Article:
The Howard Woman in STEM

No, STEM fields are not just for men.

From the beginning of the Obama administration, the president has called for getting more girls interested in science, technology, engineering and math (STEM). He said women represent half the population but were underrepresented in these fields and were “not being encouraged the way they need to.”

Preethi Chandran, an assistant professor of chemical engineering at Howard University, said that such calls to action would help us diminish some gender-based stereotypes. 

“All the campaigning is good so that women know it’s not abnormal to be good at math—it’s not abnormal to be expected to be good at math,” Chandran said. 

Even with the positive campaigning to get more women and girls involved in STEM, women in the field still face obstacles.

According to a recent Hastings Center for WorkLife Law study, 100 percent of women of color in STEM reported that they faced gender bias in the workplace and that bias was met with racial stereotyping as well, leading to what the study called a “double jeopardy.” It is more common for women who earn Ph.D.s in STEM—a field where they are underrepresented in the workforce to earn them from a historically Black institution, according to the American Institute for Research. Howard University is the top HBCU producer of African-American STEM Ph.D.s. On the undergraduate level, Achille Messac, the recently appointed dean of the College of Engineering and Architecture (CEA), is excited about progress toward getting more women of color involved in STEM, and hopes to be a part of the institutional changes that need to be made.

“Our college is unique in thatwe have over 30 percent women as undergraduates, the majority of which are women of color,” said Messac. “We have made significant progress in that area relative to other institutions.”

“I am not at all satisfied with where we are, and I intend to redouble our pertinent efforts. We need a much greater percentage of women professors. We need to have a more institutional approach to mentoring women faculty in our college, and we need to transform our professional environment.”

Sonya T. Smith, director of innovation and strategic initiatives in CEA, describes being the first woman promoted into this position in the mechanical engineering department at Howard as bittersweet.

“I’m glad that I was promoted, but I’m sad that it’s 2016 and that was almost 10 years ago—we’ve not made any progress,” Smith said.

“So we really have to do some work on climate and culture in some departments to make them more friendly and welcoming. Changes are happening and some of the interventions we have with the Advance program are helping.”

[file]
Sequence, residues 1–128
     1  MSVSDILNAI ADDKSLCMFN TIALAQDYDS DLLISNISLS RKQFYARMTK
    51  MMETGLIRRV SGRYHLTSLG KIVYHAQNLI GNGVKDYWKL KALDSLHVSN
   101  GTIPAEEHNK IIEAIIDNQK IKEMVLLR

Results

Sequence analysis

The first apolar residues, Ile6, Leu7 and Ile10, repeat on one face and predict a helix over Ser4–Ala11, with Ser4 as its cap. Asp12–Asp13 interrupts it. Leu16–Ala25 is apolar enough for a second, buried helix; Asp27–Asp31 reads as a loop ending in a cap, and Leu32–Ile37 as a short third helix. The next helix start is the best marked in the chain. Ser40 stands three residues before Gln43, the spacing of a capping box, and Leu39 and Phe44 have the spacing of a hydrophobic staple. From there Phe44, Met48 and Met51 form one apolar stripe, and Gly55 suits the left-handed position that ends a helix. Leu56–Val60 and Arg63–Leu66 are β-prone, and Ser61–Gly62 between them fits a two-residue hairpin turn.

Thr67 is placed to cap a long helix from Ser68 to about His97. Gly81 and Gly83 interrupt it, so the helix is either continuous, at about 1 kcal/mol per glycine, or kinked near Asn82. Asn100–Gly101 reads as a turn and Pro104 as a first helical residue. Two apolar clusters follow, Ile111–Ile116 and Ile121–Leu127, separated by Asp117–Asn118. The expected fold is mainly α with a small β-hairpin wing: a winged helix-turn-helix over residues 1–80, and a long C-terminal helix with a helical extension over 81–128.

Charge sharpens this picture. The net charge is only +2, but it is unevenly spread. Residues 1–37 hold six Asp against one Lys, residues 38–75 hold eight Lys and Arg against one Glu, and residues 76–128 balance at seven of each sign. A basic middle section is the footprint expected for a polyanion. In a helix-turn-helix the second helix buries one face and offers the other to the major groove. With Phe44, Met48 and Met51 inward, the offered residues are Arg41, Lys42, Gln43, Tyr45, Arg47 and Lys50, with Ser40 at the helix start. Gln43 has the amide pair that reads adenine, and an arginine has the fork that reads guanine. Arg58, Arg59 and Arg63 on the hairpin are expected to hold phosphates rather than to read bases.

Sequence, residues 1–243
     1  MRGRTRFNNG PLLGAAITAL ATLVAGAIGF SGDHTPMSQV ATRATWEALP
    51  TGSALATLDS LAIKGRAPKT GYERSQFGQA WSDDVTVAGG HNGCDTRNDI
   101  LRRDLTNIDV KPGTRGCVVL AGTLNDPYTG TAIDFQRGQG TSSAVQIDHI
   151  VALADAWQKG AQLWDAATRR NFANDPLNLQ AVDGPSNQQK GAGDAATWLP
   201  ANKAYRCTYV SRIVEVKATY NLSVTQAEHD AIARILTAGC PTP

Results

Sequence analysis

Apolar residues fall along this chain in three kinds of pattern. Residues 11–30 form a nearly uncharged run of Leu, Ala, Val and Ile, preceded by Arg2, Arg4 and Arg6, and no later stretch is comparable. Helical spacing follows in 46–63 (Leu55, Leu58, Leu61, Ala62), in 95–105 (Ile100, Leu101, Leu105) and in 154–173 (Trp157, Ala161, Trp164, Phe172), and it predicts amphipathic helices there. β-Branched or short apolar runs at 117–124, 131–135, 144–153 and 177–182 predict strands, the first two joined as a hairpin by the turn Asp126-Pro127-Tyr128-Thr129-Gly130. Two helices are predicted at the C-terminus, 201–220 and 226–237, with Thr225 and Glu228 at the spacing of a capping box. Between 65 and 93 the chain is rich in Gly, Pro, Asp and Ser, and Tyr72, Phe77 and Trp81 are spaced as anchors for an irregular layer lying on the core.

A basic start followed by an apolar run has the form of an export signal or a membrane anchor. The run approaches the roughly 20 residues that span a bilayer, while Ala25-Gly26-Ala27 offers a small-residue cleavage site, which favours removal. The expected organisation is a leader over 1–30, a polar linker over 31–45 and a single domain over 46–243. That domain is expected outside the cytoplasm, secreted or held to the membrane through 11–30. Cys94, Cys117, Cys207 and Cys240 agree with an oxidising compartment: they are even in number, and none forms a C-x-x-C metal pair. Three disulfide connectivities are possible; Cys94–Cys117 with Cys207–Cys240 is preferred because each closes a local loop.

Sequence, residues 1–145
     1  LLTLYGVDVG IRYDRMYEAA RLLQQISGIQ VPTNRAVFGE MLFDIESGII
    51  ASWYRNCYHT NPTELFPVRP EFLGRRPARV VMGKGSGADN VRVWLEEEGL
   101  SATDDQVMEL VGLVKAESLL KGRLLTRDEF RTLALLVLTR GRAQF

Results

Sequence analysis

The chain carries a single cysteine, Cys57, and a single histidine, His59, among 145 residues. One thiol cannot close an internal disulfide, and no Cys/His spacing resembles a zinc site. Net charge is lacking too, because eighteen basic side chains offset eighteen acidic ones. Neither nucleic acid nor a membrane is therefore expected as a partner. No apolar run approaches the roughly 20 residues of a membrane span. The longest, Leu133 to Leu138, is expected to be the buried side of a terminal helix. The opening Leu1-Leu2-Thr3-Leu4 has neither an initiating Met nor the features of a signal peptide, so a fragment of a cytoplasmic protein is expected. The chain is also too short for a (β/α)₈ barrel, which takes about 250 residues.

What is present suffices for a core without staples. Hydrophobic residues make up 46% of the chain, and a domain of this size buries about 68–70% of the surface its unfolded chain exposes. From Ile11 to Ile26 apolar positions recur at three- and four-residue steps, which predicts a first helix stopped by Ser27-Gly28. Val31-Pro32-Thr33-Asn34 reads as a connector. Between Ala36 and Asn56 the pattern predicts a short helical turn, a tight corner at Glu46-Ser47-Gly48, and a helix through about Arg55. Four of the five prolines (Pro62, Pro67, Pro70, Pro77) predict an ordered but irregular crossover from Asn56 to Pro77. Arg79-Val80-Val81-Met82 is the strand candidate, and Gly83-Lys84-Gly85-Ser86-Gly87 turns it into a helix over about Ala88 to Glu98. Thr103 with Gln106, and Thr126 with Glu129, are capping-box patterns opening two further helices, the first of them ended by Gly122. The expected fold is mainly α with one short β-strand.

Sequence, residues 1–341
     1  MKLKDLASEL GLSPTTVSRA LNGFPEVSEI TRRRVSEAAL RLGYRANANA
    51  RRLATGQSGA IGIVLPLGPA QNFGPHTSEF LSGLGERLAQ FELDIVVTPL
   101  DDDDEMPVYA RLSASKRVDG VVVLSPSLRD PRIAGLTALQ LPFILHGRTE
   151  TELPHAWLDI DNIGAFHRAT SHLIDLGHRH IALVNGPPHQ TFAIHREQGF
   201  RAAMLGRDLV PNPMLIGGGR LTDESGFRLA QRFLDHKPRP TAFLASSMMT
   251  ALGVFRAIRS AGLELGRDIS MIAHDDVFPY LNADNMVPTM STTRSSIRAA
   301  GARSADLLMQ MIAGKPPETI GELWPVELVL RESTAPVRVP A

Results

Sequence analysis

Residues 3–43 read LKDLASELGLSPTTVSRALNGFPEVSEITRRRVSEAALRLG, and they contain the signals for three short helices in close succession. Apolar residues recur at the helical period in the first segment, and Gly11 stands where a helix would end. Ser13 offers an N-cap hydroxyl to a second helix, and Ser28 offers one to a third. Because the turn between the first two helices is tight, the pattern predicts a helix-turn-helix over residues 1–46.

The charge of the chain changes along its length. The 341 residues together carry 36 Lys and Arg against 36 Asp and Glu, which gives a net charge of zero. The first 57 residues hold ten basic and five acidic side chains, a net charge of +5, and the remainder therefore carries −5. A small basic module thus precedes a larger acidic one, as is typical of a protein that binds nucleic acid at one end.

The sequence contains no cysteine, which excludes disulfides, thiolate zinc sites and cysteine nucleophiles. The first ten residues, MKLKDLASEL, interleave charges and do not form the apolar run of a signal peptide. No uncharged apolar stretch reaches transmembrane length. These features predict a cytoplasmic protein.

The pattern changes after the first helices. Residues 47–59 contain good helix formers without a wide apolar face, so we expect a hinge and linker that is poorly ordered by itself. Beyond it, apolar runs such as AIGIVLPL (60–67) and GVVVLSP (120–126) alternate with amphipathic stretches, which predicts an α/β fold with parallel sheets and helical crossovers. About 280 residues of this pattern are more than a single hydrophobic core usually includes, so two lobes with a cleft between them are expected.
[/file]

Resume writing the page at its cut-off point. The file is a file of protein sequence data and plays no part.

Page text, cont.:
Howard University Advance-IT, sponsored by the National Science Foundation, is part of a national initiative that aims to increase the number of women faculty in STEM. Smith is the project’s principal investigator. Of the 71 faculty members in CEA, only 15 are women. 

“One of the reasons why I wanted Howard to participate in (the initiative) is because we have so few women in STEM, and particularly women of color,” Smith said. 

Smith also shared how she is practicing what she preaches. In her lab, she has an African-American female postdoctorate, doctoral candidate, master’s student and two African-American female undergraduate students.

“That’s important to me—that I’m educating and bringing along the next generation of women in STEM. I could do that at no other place but Howard,” Smith said. 

Michelle Warren (B.S.E.E. ’16) is one of the women in the next generation of STEM. While at Howard, she worked hard to get other women involved in engineering, despite the lack of representation in her own department, which has no women faculty members.

“Howard helped me to figure out that, if there’s something that I think needs a change, then I’m going to be the one to change it, and I have to figure out a way to see an ongoing change,” Warren said. “When you’re in a position where it’s not a lot of people like you, you can’t really open up as a (woman) because you’re in a classroom full of guys with guy professors,” Warren continued. “On one hand, the expectations of you are lower and it’s kind of condescending; I can do what my counterparts can do. On another hand, the expectations of you are a lot higher because you’re the only female representation.”

For two consecutive years, Warren served as the girls’ outreach chair of the Society of Women Engineers, which annually hosts “Introduce a Girl to Engineering Day,” an event that is open to high school girls in the Washington, D.C., metro area. Volunteers help the girls do engineering projects and see how they can become engineers themselves. 

“This year was the best year,” Warren said of her senior year. “The girls had such an amazing time. They felt so impacted and so much more inclined to do engineering.

“Us going out and doing what we didn’t have done for us makes a big impact,” Warren said.




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